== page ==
Heroes of the Pacific08 Jun 2004 0
The action-end of the flight simulation genre is a difficult market. Designed to allow casual gamers to enjoy flying authentic, historical aircraft without all the complexities of highly detailed and eccentric flight models like those found in IL-2 Sturmovik and Lock On. Those games have their devoted fans and can be successful, but it's the action or arcade genre which has proven to be particularly difficult. Last year's Secret Weapons Over Normandy found success as a platformer, and while there have been other entries as strictly console sims (Ace Combat being one), the pickings have remained quite slim.
Into this breach steps Encore's new Heroes of the Pacific, a flight combat game set in the Pacific Theater which boasts attractive-looking battle locales and authentic aircraft from that time. But the real selling point may be the game's promise to create massively chaotic dogfights with up to 300 planes in the air. We spoke to Ben Palmer, executive producer and director of development, and Justin Halliday, game producer, to learn more about this new entry in the flight sim genre.
The Wargamer (WG): Please tell us a little about Heroes of the Pacific.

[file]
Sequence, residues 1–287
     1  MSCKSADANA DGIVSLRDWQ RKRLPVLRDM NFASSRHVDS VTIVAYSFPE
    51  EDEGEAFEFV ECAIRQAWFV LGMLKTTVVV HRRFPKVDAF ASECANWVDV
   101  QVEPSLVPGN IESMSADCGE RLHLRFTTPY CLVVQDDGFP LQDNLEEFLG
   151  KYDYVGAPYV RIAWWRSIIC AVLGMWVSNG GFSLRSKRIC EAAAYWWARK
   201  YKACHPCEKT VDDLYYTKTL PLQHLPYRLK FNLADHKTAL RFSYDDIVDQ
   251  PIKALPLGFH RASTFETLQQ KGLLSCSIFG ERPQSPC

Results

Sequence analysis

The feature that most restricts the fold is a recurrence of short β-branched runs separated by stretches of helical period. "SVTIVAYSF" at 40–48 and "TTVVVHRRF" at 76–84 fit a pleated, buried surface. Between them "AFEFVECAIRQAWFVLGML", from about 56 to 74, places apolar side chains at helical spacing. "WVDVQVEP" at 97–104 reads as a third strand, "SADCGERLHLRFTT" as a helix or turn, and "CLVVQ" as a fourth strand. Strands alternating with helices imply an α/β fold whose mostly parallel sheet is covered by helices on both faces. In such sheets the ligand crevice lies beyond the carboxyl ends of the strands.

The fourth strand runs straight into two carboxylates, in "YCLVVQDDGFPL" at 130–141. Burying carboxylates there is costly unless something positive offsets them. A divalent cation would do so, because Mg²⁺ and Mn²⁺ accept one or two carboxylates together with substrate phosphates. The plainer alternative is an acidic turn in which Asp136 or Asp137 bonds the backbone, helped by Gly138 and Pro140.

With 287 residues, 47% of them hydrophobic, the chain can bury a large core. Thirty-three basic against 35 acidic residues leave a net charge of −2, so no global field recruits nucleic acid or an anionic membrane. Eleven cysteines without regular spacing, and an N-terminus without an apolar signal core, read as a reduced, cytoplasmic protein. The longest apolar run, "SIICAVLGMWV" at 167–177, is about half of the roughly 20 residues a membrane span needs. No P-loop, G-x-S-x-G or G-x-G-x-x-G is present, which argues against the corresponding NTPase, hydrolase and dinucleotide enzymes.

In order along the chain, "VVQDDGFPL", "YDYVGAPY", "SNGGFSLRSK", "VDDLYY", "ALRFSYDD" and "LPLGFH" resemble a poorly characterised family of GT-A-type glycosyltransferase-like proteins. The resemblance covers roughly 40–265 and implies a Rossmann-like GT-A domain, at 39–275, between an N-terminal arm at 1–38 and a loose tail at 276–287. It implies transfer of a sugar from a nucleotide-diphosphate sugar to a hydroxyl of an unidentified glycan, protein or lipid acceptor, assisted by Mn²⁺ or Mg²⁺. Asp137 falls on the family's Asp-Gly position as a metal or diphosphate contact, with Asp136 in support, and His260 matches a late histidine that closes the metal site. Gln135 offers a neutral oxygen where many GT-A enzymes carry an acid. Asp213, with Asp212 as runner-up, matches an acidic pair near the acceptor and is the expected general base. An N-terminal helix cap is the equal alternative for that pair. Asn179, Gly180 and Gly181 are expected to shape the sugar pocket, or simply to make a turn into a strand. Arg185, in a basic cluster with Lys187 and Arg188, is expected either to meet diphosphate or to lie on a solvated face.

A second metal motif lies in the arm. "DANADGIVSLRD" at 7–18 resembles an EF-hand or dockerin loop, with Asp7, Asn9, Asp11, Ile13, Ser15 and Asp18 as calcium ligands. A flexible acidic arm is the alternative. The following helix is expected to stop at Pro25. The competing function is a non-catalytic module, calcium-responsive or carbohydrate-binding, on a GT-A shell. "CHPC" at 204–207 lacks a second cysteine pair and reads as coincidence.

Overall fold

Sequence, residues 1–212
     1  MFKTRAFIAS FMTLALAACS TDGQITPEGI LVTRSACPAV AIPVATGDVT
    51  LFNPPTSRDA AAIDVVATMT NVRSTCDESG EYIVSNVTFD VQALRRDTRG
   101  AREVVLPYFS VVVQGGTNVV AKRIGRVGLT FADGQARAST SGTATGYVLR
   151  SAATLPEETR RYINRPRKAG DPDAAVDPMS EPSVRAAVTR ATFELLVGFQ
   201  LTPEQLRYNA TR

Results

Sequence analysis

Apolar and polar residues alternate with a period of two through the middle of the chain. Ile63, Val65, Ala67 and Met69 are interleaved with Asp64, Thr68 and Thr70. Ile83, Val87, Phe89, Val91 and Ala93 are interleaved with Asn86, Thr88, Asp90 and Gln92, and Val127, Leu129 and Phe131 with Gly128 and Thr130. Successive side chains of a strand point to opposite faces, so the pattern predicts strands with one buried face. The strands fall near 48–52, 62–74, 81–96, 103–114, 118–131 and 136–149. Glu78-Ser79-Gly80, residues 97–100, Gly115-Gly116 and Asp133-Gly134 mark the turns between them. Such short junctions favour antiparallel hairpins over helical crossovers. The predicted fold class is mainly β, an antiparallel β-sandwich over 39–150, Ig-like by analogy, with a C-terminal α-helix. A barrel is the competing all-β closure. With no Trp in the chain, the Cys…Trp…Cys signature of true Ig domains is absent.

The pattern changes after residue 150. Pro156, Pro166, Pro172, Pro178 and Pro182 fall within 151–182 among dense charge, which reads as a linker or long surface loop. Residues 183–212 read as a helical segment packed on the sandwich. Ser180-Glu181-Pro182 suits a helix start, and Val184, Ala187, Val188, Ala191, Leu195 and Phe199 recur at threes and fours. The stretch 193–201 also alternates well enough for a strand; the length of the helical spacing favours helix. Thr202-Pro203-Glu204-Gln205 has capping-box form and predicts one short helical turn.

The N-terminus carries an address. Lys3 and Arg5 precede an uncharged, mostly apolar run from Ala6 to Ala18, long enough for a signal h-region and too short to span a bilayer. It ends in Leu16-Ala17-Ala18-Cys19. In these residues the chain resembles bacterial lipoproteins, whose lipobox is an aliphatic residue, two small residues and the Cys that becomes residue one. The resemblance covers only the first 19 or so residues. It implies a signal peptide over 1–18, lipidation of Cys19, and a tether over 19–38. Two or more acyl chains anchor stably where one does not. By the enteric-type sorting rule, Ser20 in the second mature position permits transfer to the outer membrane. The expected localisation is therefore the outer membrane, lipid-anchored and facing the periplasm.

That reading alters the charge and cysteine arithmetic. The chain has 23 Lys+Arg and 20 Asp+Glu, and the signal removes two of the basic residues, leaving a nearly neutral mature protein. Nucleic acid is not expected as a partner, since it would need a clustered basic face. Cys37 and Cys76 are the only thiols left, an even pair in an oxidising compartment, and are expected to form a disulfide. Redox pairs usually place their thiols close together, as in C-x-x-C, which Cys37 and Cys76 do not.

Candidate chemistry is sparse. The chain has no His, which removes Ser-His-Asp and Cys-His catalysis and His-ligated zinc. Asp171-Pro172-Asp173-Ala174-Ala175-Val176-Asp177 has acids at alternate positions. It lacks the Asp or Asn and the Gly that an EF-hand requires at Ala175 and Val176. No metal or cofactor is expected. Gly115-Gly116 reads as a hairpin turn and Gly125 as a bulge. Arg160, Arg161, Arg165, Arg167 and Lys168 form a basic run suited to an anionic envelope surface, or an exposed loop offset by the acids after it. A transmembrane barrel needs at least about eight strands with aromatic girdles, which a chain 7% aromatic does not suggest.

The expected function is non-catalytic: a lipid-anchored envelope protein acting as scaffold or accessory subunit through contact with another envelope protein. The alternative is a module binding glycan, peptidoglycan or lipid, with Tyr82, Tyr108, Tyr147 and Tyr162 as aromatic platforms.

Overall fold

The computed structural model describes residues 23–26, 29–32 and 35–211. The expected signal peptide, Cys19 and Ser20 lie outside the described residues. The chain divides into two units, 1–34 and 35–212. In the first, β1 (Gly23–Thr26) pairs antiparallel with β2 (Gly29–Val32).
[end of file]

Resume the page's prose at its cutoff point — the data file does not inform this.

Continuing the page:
Ben Palmer: Heroes of the Pacific is an arcade flight combat game with a little strategy thrown in for good measure. What is unique about Heroes is that we can have up to 300 planes active at any moment, so we can recreate some of the bigger battles of WWII as they happened. You fight with a lot of wingmen (sometimes over 100) so you feel part of a large team.
It?s pretty amazing to see your first really big formation of planes (friendly or otherwise).
WG: What was the source of inspiration for creating a World War II-themed flight combat game?
Ben Palmer: Our ultimate goal is to deliver a great dogfighting game; after looking at modern aircraft warfare, it seemed to us that firing missiles targets miles away was a bit uninspiring. We wanted to get up close and personal. WWII was really the last time we saw true one-on-one dogfights, so it made for a logical backdrop for Heroes of the Pacific.
WG: Heroes of the Pacific will offer 25 flyable types of aircraft. Were there any that you wanted to include that you couldn?t? Why?
Justin Halliday: There are always planes that you want to put in, but can?t. We had a huge discussion where we culled a list of fifty or so potential planes down to a list of twenty-five. Those are the ones being built for the game.
A discussion like that is great fun because everyone has their pet planes that have to be in the game. In the end I think that we came up with a pretty good list that included most of the best planes from the war, plus a few special planes for multiplayer matchups.
A few of the planes that just missed the cut include the Mosquito, the Harpoon, and some of the later Japanese fighters like the Hien (Tony) and the Hayabusa (Oscar).
WG: What kind of fun vs. realism choices did you have to make and can you describe some examples?
Ben Palmer: Ultimately the game is about fun, so we were always leaning in that direction. However, we have tried to remain real and historically accurate where possible. For example we offer the player different levels of realism in the flight model, but we also provide some target tracking info in screen. Tracking isn?t strictly real, but does greatly aid enemy pursuits and hence increases the fun.